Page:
Today was one of those days. My morning was rushed and I walked out of the house with my coffee maker on the stove at high heat. I did not remember till I was halfway into a massage from our team masseuse. I had an inner debate of whether I should get up and leave or hope that the apartment would not catch fire.
Being me, I thought the worst that could happen was some burnt coffee.
I convinced myself everything would be fine and hurried home after the massage was over. Fortunately, the apartment had not gone up in flames and I was lucky. The plastic handle melted off and fell next to the element. I was sad that I lost my beloved coffee maker and mad at myself for turning our apartment into a plastic-smelling smoke house.
The day continued with minor bumps along the way. My load of laundry ran longer than expected, which caused me to be late to pick up a teammate. I took a couple wrongs turns while I was driving and became flustered. I went grocery shopping and forgot a few important things on my list.
Last but not least, I drove our brand new car into a boulder. A giant rock. A stationary object.
I parked in front of it. How did I not see it when I was getting into the car?. Why did I drive forward instead of backing up? Why did I rush to get out of the spot? The whole drive home I wanted to turn back time. I hoped it was the last event of the day.
The 21-year-old Megan would have handled the day differently. However, I learned how to react to these situations over my 25 years on this earth.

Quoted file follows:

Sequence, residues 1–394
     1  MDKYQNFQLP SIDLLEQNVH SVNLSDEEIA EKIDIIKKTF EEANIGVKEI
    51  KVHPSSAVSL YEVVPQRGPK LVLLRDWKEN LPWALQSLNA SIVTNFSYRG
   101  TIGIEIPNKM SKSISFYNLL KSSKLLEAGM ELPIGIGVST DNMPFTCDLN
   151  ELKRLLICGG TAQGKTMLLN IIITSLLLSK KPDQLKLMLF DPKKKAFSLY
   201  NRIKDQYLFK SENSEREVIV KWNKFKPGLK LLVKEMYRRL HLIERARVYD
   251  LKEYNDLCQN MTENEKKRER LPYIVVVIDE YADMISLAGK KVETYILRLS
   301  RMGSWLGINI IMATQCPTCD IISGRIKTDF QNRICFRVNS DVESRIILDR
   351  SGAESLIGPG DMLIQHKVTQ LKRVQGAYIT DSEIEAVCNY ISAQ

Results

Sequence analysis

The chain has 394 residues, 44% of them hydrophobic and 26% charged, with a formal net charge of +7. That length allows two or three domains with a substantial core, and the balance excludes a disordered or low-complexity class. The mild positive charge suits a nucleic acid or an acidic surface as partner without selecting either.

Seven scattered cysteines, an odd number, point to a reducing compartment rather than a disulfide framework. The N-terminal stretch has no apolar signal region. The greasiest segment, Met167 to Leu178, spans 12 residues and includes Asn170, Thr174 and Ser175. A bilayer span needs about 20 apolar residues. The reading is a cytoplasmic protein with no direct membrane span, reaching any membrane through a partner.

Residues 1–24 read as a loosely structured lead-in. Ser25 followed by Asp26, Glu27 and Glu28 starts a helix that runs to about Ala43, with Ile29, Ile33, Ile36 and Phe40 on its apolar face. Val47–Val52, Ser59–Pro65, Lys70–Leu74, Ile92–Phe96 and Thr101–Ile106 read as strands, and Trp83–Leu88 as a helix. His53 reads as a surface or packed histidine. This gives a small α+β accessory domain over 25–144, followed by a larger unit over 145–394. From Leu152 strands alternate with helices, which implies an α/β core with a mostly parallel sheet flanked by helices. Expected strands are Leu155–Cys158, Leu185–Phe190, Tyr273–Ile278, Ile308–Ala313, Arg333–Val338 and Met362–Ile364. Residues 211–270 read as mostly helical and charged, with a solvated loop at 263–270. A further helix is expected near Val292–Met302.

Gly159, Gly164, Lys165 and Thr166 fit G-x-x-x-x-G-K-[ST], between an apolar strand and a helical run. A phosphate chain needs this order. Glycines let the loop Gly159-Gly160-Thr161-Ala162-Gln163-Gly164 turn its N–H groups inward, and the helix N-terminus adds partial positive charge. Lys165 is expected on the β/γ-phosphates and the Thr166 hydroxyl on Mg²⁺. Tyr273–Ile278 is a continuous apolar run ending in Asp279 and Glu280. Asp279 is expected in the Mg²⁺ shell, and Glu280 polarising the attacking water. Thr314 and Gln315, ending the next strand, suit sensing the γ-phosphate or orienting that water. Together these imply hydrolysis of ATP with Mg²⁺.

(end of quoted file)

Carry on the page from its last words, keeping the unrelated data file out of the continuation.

The most common phrase I heard from my parents growing up was, "Megan, slow down."
I tend to rush through things. I am learning to be more mindful, but still have days and moments where I do not take my time.
I feel like my life is a series of misfortunate events. Not serious misfortunes, just minor ones. Over the years I broke over 100 cups and wine glasses, lost or damaged approximately 20 cell phones and digital cameras, lost two passports and forgot numerous important deadlines and events.
I remember breaking a new cellphone and soon after I received an 800 dollar cellphone bill for overages. I cried hysterically and wanted my mom to fix it all. I wanted her to feel sorry for me and tell me it was all going to be okay.
Instead of doing that, she was angry. Not for breaking my cellphone or for the huge bill, but for the way I reacted. I remember her exact words.
"Megan, stop feeling sorry for yourself. Go volunteer in the cancer ward of the Children's Hospital if you want to see what a real problem is."
On days like today, I am obviously bothered. However, I no longer cry or feel sorry for myself. I quickly remember how bad things could really be.
a. I did not burn the apartment building down
b. I hit a rock and not a car or person
c. I am still alive and healthy
I shake things off and try to chalk it up to another typical day in the "Life of Megan." Taking my time and mindfulness will be an ongoing struggle, but I am working on it.
Every now and then I need a quick reality check. I live in Switzerland, I am happy, and stuff happens.
The coolest thing is I get another shot tomorrow to make everything right again.
The first person I wanted to call when I got home was my mom. Initially, I wanted to tell her I had a bad day. Although, I cannot even call it a bad day. Losing a loved one, getting fired or finding out you have cancer makes for a bad day. What happened to me today was just another one of those days. I shall call them, "Megan Days."
I encourage everyone, and will continue to remind myself, to put things into perspective. I realize in some cases it may be easier than others. But always remember, it is just a bad day and not a bad life.